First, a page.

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Press Complaints Commission director Tim Toumlin has called for a voluntary code of practice to be introduced for bloggers, according to a report on the BBC website . 

Speaking at a race conference in London yesterday, Toumlin said the lack of a code of practice for blogs means there is no means of redress if people are upset by their content.

He added: "If you want to see how the newspaper industry would look like if it was unchecked, then look at the internet."

The PCC currently oversees a code of practice for UK newspaper and magazine publishers, covering issues such as accuracy, discrimination and intrusion.

But extending a similar scheme to the blogosphere seems pretty ambitious at best.

As Ian Delaney at twopointouch says: “I really don’t understand the point of a voluntary code of practice in this environment.

“Only people who think carefully about the ethics of what they’re doing are going to bother signing up.”

“When you’re dealing with a dozen or so large institutions, like UK newspapers, then it’s reasonably likely to [work].

“When you’re dealing with 57m bloggers, many of whom are barking mad, then I’m not so sanguine, to say the least.”

Bloggers are essentially people, unshackled by editorial constraints and unburdened by big-budget advertisers. So they tend to say what they want, for good or ill. When you talk about changing bloggers, you're trying to change people. And that's a much bigger - and equally unworkable - task. If some idiot expresses racist views on a blog then it is because he or she is a racist in the real world. And politicians have been trying to tackle that for many years.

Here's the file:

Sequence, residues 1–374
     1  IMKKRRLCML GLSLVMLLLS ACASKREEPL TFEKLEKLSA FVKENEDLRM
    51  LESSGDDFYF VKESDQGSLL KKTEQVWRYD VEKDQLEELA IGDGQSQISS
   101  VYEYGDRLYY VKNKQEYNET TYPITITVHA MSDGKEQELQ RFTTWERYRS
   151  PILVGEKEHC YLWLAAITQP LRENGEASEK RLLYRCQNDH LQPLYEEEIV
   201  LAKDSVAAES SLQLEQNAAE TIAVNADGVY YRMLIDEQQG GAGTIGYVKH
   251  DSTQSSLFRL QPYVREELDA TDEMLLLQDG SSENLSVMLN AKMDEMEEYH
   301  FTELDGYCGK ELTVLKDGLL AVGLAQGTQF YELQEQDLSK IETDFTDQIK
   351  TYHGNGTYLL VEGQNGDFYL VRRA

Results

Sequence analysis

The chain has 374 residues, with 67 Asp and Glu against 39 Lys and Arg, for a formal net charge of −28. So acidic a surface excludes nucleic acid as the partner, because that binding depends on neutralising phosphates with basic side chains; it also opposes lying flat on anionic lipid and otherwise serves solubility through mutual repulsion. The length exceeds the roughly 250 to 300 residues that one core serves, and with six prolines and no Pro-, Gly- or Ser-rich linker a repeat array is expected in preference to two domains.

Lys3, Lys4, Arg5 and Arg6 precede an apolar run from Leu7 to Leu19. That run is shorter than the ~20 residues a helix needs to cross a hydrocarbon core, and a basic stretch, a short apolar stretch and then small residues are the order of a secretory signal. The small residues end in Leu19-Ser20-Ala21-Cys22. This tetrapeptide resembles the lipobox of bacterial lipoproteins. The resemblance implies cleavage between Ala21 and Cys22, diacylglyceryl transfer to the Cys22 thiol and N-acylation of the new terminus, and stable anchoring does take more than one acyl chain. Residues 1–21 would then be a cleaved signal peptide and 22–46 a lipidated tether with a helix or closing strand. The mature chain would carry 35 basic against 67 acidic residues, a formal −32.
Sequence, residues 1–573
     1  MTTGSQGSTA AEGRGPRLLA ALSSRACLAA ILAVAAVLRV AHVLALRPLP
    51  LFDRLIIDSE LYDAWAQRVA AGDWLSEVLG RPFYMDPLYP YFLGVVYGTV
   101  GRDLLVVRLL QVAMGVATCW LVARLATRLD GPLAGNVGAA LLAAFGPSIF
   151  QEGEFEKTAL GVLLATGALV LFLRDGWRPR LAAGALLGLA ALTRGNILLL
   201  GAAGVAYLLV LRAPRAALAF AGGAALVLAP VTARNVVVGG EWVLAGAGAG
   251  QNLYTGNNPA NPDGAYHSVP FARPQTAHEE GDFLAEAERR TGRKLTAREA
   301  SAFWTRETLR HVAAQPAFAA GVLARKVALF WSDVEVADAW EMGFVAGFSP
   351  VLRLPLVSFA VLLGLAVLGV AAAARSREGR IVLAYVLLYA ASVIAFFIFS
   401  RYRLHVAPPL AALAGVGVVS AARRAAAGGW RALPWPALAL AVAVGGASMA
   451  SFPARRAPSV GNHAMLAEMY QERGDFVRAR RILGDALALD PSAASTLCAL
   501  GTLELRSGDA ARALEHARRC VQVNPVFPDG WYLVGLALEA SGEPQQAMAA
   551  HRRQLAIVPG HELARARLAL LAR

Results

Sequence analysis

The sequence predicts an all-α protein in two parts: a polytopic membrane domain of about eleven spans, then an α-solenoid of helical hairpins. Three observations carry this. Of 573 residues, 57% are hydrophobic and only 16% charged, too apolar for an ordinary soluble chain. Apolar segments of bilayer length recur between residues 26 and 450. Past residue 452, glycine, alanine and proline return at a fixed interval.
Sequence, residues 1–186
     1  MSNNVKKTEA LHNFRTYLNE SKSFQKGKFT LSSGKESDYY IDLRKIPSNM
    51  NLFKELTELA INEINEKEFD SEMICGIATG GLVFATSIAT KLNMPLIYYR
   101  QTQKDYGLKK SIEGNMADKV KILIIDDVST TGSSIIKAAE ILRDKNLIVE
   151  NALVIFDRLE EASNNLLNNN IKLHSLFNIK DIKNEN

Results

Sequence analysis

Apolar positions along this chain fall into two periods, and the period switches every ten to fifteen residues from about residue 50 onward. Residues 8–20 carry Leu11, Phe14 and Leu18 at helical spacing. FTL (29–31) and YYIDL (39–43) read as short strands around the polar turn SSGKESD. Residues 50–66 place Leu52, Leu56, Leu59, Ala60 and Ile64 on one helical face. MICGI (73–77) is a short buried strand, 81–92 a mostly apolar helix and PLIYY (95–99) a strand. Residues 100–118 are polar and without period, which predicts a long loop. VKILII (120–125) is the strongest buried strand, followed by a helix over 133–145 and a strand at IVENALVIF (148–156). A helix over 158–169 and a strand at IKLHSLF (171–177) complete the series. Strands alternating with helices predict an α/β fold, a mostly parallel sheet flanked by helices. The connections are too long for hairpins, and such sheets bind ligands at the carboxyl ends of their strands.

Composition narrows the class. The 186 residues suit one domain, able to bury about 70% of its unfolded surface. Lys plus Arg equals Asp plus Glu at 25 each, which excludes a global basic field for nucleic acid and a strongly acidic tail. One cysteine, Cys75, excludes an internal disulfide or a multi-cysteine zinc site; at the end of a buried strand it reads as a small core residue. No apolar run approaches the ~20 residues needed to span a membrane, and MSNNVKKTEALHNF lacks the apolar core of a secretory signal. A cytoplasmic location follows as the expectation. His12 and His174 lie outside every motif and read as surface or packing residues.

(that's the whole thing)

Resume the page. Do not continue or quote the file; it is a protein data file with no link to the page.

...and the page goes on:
We're not sure if Mr T is being ironic when he holds up the newspaper industry as a shimmering example of best practice and ethical behaviour. Just look at some of the tabloid headlines during the World Cup for examples of borderline racism.

And are we to believe that all newspaper articles or columnists are editorially sound? Disclosure and transparency is the norm on many top blogs, yet anybody who has read Andrew Marr's 'My Trade' or indeed Private Eye will know that advertisers influence editorial on newspapers, not to mention the publishers, the editors, or the views of any given journalist / columnist. There is no such thing as truly objective journalism. 

There have already been futile attempts to regulate blogs. This is another one. How about we better regulate other forms of media with far greater reach, before we start picking fights with bloggers?

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Published 29 November, 2006 by Richard Maven

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